Mayo Clinic offers many minority health and wellness programs, including programs about cancer prevention, healthy brain aging, community outreach, community-engaged research and others. Mayo Clinic also sponsors programs to promote diversity.

Explore current offerings in detail below.

Cancer prevention — "Live Well. Be Well."

"Live Well. Be Well." is a community outreach and education program at Mayo Clinic's Florida campus, which aims to educate African-Americans about cancer and the importance of living a healthy lifestyle. African-Americans have higher rates of death from cancer than does any other racial or ethnic group.

Since 2007, the "Live Well. Be Well." program has reached more than 150,000 African-Americans in northeast Florida through community presentations, events and symposiums. The program focuses on preventing, detecting and treating cancer, particularly breast cancer, prostate cancer, colon cancer and rectal cancer. The program also offers information about related research at Mayo Clinic.

Prenatal education

SomaliCARES is a group prenatal care program for Somali women in the Department of Obstetrics & Gynecology offered at Mayo Clinic's Rochester, Minnesota, campus. A team of doctors, midwives and nurse educators provide interactive classes using role-play and other culturally appropriate methods to educate women about prenatal care. The aim of the program is to improve health literacy and ensure healthy babies and mothers.

Healthy brain aging — "Live Well. Think Well"

The Memory Disorder Clinic at Mayo Clinic's Florida campus offers "Live Well. Think Well," a community outreach program to educate African-Americans about healthy brain aging and memory disorders.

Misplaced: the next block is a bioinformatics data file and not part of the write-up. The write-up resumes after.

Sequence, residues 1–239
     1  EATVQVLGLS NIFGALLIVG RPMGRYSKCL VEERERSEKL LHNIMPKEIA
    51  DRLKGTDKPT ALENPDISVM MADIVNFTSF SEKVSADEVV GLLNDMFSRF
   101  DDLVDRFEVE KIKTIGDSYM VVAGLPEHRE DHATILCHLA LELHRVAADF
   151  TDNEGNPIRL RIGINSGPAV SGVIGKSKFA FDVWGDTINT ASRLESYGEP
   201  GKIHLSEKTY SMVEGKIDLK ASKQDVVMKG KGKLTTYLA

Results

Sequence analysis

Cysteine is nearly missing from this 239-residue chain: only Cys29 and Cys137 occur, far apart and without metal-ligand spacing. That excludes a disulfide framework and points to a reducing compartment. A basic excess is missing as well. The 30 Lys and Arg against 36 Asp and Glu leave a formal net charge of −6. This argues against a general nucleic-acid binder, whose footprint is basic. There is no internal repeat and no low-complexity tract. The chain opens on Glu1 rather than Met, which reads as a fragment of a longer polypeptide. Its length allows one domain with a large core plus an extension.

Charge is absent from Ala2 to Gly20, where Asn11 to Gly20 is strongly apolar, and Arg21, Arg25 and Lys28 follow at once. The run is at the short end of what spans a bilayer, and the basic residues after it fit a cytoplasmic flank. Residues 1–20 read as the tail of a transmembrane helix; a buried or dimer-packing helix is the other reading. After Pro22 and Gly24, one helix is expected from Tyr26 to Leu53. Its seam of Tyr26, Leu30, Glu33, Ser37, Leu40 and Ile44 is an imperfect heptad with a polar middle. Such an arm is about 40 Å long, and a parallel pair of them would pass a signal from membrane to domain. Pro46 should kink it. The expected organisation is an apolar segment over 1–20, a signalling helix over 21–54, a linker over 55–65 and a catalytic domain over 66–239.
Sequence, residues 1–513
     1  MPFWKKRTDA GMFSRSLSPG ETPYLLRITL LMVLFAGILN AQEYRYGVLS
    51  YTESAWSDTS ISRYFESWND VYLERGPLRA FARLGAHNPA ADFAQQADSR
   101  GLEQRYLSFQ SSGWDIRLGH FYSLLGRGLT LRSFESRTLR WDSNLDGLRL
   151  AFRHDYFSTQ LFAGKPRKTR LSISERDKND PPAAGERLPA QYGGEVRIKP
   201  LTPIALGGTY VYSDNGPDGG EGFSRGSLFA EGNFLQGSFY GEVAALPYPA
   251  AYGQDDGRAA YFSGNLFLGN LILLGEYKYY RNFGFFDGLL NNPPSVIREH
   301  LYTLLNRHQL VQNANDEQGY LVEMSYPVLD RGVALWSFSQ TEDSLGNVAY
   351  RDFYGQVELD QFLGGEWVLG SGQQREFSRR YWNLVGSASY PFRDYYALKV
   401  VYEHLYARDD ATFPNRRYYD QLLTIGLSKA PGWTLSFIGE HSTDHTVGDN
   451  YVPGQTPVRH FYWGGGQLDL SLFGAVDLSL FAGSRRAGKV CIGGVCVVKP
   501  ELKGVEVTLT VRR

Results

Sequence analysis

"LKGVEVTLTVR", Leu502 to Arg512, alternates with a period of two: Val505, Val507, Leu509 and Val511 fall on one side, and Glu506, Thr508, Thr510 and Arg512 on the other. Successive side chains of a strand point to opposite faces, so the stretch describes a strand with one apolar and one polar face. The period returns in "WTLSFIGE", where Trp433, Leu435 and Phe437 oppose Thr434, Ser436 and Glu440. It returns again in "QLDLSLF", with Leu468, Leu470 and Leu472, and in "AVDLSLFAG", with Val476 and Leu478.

Floyd B. Willis, M.D., a family medicine doctor at Mayo Clinic's Florida campus, created the program. He recognized the importance of understanding how Alzheimer's disease and related conditions affect African-Americans. This program provides information to African-American seniors and their families about memory disorders and brain aging, including tips on how to keep the mind healthy.

African-Americans have a higher disease burden from blood vessel (vascular) conditions than do other minority populations. Therefore, they may have a higher risk of developing Alzheimer's disease.

The goal of the program is to raise awareness about healthy brain aging and memory disorders among African-Americans, to help reduce the onset of early memory loss and Alzheimer's disease.

Community educational outreach programs

H.O.P.E. (Health Outreach Program en Espanol) para la Comunidad

The H.O.P.E. para la Comunidad is a community outreach program that provides education and awareness presentations to Hispanic/Latinx communities to increase knowledge and awareness of chronic illness that impacts Hispanic and Latinx communities. Presentations are available in English and Spanish.

Corporate and professional outreach

This educational program at Mayo Clinic's Florida campus shares information with local businesses, corporations and professional organizations that have Asian-American, Hispanic, Latinx or African-American employees.

Outreach efforts help raise awareness about chronic illnesses that disproportionately affect minority communities. Corporate outreach also encourages the development of new relationships between Mayo Clinic and professionals in northeast Florida, including patient service, clinical trial participation and education.

Community outreach

Mayo Clinic is actively involved in the community. Many Mayo staff members at each Mayo Clinic location volunteer or support community programs. Read more about community outreach.

The Office of Women's Health at Mayo Clinic's Rochester, Minnesota, campus works in southeastern Minnesota counties to increase mammography screening for underserved women. The program partners with the National Breast Cancer Foundation and the Minnesota Department of Health's Sage Program to provide comprehensive breast cancer screening and treatment for women within age and income guidelines.